Restoring Ourselves

Reconstructing America as a shining city on a hill...

When I was a kid growing up on Bermuda, a British island about 700 miles off the coast of North Carolina, there were symbols that were emblematic of America. It was a different world in the fifties and sixties than it is now. There was another view of the United States then and with the island's unique history of being British but having played some role in the American Revolution generally the British and American population got along. There were certain hallmarks that represented America for reasons that made sense at the time. Pan American Airways, American Express, the Stars and Stripes at the US Consulate and Coca-Cola. Those symbols also represented ideals that America stood for just as much as the Statue of Liberty does.

Sometimes I wonder now what the perception of our country is to the rest of the globe. My gut tells me it's McDonalds, Mickey Mouse and Reality TV shows and rampant consumerism. This is disappointing to me but not a surprise. The global view of "America as a shining city on a hill" is already tarnishing to some but not to others who want to immigrate here because they still see the gleam of American Exceptionalism. Those are people who will help us help ourselves just as immigrants have from the beginning. When I emigrated here in 1968 the country was rife with strife but that is not what I was looking for or saw. It was the chance for reinvention, opportunity to be who I wanted to be, liberate myself from the tiny limited, although paradise-like, island I came from and invigorate my life.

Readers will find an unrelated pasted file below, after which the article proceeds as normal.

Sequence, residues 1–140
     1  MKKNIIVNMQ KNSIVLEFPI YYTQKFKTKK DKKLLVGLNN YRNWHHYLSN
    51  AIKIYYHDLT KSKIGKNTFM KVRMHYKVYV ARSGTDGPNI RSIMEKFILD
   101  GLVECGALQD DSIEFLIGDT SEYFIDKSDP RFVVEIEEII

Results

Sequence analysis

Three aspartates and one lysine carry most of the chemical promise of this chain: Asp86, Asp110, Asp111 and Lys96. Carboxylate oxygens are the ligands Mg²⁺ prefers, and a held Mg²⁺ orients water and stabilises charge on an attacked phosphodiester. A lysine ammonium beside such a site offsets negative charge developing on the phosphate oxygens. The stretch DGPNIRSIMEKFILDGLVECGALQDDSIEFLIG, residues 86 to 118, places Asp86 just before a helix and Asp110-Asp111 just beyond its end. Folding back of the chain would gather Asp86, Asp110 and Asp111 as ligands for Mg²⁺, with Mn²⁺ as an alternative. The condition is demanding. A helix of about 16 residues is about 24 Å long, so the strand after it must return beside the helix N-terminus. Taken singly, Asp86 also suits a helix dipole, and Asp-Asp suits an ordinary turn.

We are a country now of several generations that have never known a really bad time economically, socially and politically. We are not prepared for what is going to happen to us psychologically due to the disruption of our way of life. The death of consumerism, personal financial problems, troops returning from war, structural unemployment, lack of social and medical services, alcohol and drug abuse are a few things that come to mind. We are in desperate need of reconstructing ourselves. In The Sense of Beauty Santayana wrote "The only kind of reform usually possible is the kind from within; a more intimate study and intelligent use of the traditional reforms." He also noted "Nothing enhances a good so much as to make sacrifices for it." Our problems, individually and as a country will not be solved by politicians and bureaucrats in government nor medical doctors and scientists with medicinal cures. They will only be resolved by recalling our ideals and working from within ourselves and reaching outward to help each other.